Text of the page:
Last week’s 48-hour boil water notice that affected nearly a quarter million Erie County residents was unnecessary, Erie County Water Authority officials said Monday.
“This one we don’t really believe that a boil water order should have been issued,” said Earl L. Jann, chairman of the Erie County Water Authority. “We think an awful lot of people were upset for no reason.”
Jann’s comments Monday night were in response to a question from a water authority customer who took part in an hourlong “Tele-Town Hall,” held after the authority was criticized for the way it handled communication with the public about the break.
Officials from the water authority and Erie County government, which issued the notice, disagree about the need for people in towns and villages in eastern and northern Erie County to boil their water after the major break Wednesday in the Town of Amherst.
A leak at 8:31 p.m. never caused water pressure to drop below 20 pounds per square inch for more than four hours, which is the threshold for issuing a notice, said Jann.
“The pressure never dropped to that level and certainly never for that long,” he said.
In fact, pressure from the affected station dropped from 101 psi to 58.5 psi and rebounded to over 100 psi in less than three hours after water authority crews identified the source of the leak and shut down two valves, Jann said.
“Due to this rapid pressure recovery, our experts, engineers and water quality experts did not recommend a boil water notice,” he said.
The decision to issue the notice came from Erie County government – a separate entity from the water authority, specifically the county Health Department and County Executive at 3:30 a.m., he said. The water authority was not part of that discussion, Jann said.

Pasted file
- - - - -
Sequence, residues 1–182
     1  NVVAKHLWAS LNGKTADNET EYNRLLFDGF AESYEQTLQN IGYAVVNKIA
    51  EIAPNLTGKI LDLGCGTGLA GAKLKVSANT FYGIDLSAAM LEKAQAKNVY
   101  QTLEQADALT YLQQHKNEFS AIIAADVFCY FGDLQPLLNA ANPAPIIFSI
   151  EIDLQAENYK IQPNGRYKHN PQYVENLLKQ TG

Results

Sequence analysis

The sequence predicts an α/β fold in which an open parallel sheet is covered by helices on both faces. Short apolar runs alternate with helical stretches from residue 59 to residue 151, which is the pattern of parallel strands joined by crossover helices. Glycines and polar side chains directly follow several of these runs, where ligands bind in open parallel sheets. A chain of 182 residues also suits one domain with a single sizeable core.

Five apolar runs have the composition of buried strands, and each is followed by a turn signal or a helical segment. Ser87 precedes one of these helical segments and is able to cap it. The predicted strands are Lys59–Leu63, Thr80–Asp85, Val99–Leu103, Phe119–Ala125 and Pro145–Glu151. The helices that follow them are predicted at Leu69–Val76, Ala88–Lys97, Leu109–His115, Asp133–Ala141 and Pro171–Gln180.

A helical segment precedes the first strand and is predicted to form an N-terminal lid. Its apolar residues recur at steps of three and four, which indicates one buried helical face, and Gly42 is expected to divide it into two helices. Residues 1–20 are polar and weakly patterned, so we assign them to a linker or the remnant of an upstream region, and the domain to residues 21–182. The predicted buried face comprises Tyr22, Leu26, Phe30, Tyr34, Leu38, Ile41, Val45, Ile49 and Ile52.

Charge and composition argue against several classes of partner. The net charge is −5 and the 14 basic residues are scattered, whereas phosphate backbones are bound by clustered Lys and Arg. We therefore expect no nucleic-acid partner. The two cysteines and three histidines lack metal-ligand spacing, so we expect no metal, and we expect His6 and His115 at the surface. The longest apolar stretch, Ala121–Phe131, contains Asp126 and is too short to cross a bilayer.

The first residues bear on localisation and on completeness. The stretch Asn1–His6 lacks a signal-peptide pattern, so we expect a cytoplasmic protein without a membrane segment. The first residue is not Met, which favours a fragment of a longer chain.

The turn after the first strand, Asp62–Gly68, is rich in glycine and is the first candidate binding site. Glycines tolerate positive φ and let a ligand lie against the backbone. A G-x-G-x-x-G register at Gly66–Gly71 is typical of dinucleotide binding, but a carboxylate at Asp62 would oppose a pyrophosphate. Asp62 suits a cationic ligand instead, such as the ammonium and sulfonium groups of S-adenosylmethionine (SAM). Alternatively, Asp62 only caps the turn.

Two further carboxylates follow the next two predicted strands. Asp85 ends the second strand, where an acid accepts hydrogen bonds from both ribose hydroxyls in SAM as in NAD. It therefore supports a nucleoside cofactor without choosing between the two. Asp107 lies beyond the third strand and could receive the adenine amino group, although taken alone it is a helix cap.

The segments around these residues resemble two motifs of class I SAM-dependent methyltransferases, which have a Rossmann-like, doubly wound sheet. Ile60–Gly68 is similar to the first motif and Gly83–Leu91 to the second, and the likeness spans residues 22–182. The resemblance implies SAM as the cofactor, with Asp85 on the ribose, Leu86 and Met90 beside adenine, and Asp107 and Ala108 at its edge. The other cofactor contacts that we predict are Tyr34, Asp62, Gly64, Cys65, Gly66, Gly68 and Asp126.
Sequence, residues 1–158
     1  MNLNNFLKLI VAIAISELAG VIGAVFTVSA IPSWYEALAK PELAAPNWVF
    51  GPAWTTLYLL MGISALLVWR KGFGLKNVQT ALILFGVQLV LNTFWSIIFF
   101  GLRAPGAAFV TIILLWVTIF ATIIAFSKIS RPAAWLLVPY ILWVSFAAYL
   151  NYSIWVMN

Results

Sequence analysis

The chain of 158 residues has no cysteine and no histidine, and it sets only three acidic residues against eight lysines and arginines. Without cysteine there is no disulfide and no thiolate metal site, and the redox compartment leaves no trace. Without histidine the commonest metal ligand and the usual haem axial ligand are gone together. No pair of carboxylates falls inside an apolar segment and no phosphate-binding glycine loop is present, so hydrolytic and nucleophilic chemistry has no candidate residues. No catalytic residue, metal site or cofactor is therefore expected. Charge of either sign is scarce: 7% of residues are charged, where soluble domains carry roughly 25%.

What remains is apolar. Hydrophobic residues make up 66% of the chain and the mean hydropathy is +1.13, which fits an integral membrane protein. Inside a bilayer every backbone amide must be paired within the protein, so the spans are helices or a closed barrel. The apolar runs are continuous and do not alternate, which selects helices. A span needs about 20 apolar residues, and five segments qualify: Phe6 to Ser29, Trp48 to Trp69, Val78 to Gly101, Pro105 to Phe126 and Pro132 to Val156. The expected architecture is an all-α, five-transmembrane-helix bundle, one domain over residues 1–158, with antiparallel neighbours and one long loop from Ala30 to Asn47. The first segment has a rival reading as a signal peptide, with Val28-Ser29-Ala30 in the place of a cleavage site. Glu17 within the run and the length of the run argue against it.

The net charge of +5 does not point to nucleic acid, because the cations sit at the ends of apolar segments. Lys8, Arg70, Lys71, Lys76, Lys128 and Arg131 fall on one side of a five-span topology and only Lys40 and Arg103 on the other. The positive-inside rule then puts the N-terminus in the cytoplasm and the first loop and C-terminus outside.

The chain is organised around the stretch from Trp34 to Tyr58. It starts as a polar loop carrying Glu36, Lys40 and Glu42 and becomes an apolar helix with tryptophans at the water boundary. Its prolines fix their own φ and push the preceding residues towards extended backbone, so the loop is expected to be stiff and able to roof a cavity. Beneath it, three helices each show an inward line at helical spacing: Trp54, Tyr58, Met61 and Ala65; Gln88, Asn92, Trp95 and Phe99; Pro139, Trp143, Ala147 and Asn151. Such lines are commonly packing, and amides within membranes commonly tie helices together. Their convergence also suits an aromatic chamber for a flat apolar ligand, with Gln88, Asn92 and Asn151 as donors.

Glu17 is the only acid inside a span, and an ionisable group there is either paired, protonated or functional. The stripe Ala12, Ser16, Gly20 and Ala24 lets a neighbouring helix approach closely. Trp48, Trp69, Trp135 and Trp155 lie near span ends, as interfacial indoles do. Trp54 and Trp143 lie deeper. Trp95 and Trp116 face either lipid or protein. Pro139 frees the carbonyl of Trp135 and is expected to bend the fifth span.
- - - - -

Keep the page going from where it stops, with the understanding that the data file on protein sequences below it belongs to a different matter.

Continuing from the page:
“If we had been included, we would have informed them of the rapid pressure recovery we were experiencing,” he said.
But Erie County Health Commissioner Gale R. Burstein said her office has documentation that water pressure did dip below 20 psi. Reports from hospitals and first responders confirmed that some areas had completely lost water pressure, she said.
“Those affected areas did drop below 20 psi,” Burstein said late Monday. “We witnessed that.”
The county is required to follow state sanitary code and consulted with the state Department of Health before issuing the notice, she said.
“They strongly encouraged us to move forward with this,” she said.
In addition, Dolores Funke, the county Health Department’s environmental health director, was at water authority’s control center in Cheektowaga all night and involved in conference calls with the county’s emergency operations center, Burstein said.
Jann also revealed some insight into a possible cause of Wednesday’s break.
“We discovered National Grid had been digging on that specific site and uncovered part of our pipe,” he said. “We suspect that their work may have contributed to the break. We are continuing to investigate the causes.”
He and Paul Whittham, director of water quality, took about 30 questions during the hourlong “Tele-Town Hall,” a conference call that 24,950 of the water authority’s rate payers heard.
One caller, Jennifer, asked what the water authority will do to ensure customers are immediately alerted of major water issues since the authority’s phone lines and website were inundated with queries last week.
Jann told her the water authority annually experiences about 1,100 waterline breaks that don’t require a boil water notice. He also said the water authority has been exploring new methods of communicating with its customers, including a text and email alert system.